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Pneumonia: How To Stop A Seasonal Killer

It's important to stay on to of your health this winter and avoid potential illnesses such as pneumonia.
It's important to stay on to of your health this winter and avoid potential illnesses such as pneumonia. Photo Credit: Highland Medical

ROCKLAND COUNTY, N.Y. -- As winter's chill sets in, pneumonia can trigger life-threatening side effects for patients across Rockland County.

“Pneumonia, an infection of the lung tissue, can be caused by bacteria, viruses or fungi," said Dr. David Hodes, a pulmonologist at Highland Medical, P.C. in West Nyack, N.Y. "Older adults and people with chronic diseases, including COPD, asthma, diabetes, heart disease and kidney disease, are at higher risk for bacterial pneumonia. While there are many types of pneumonia risk can be reduced substantially through vaccination.”

"Many people don’t realize one of the most important ways to protect yourself against pneumonia is by getting an annual influenza vaccine," said Hodes. The flu is a common cause of some of the most serious strains of pneumonia, so receiving a flu shot is one way to help prevent contracting the illness.

Other ways to prevent pneumonia are:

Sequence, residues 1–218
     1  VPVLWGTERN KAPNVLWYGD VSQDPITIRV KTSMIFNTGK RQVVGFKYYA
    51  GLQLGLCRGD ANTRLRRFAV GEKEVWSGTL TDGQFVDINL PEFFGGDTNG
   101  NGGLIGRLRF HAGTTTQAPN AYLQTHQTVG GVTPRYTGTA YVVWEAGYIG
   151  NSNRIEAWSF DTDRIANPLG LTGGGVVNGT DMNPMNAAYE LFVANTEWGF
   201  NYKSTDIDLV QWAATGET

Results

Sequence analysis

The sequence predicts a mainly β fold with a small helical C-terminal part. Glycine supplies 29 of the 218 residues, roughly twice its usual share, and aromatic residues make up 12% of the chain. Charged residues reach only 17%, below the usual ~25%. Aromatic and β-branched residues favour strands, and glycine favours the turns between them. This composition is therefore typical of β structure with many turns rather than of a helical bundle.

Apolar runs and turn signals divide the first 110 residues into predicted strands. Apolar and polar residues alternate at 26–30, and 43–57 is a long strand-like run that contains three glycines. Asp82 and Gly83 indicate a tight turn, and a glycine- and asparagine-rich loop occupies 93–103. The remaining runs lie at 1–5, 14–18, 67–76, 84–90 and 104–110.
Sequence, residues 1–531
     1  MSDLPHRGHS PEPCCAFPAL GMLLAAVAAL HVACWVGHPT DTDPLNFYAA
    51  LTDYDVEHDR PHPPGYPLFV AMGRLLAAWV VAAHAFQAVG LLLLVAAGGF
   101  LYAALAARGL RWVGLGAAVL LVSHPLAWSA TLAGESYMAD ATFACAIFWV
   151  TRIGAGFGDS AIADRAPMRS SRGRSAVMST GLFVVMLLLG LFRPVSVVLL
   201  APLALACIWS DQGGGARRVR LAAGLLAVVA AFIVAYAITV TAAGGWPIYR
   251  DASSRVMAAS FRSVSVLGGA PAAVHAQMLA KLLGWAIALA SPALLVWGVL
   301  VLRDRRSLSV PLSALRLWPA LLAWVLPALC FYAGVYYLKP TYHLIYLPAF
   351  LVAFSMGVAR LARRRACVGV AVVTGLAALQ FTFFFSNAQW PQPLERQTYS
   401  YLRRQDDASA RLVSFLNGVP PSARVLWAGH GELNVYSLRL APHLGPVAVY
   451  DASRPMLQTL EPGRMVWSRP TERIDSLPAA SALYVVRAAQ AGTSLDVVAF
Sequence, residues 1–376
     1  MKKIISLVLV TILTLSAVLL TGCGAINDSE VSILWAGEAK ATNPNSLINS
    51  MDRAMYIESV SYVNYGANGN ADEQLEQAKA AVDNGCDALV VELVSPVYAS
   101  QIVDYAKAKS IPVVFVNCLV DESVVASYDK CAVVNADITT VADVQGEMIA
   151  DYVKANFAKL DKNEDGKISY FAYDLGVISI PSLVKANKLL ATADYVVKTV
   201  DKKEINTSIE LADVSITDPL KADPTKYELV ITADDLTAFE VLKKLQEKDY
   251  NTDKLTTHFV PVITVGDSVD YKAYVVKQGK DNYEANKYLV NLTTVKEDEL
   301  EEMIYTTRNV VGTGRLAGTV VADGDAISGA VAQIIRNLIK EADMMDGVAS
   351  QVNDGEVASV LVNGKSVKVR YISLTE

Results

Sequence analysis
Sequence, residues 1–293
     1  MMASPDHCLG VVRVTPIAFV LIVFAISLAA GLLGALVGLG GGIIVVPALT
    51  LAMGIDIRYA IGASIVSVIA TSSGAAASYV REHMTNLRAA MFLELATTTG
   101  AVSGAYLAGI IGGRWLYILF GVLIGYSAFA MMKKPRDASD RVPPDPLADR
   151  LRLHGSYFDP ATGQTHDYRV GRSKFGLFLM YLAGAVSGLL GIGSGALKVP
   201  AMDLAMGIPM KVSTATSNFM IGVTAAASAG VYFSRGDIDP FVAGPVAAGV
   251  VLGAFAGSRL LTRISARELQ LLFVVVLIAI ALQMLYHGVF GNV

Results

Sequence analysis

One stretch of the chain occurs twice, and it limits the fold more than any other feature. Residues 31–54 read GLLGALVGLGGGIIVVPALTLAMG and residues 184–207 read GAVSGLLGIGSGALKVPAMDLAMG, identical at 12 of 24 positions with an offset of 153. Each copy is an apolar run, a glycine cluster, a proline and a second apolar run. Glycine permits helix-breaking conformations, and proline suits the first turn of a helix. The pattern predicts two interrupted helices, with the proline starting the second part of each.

• Washing hands frequently
  • Regularly disinfecting frequently touched surfaces
  • Taking good care of additional medical problems
  • Quitting smoking

Adults 65 and older should also get vaccinated against pneumococcal pneumonia, which is caused by certain bacteria. “This bacteria produces a potentially serious kind of pneumonia, which often requires prompt hospitalization,” said Hodes. The pneumococcal vaccine is also recommended for adults who are at an increased risk of developing the disease due to health conditions such as chronic illnesses or immune system deficiencies.

Pneumonia symptoms can include cough, fever, shaking, chills and shortness of breath. Doctors can diagnose pneumonia with a physical exam and chest X-ray, looking for mucus in the lungs and crackling or rumbling sounds when patients inhale.

Once diagnosed, pneumonia treatment depends on a variety of factors. For milder cases of pneumonia, doctors may prescribe oral antibiotics and rest. Those who are hospitalized with more serious cases can receive intravenous antibiotics and can undergo additional breathing therapies. Pneumonia remission is often a slow process; in some cases, the infection's side effects can linger for weeks even after initial treatment.

“Pneumonia is a serious lung disease that kills thousands every year and hospitalizes many more,” said Hodes. “If you are over 65 or have a chronic disease and you haven’t had a pneumonia vaccine, talk to your doctor about getting vaccinated to protect yourself.”

For more information via Highland Medical, click here.

Daily Voice produced this article as part of a paid Content Partnership with our advertiser, Highland Medical

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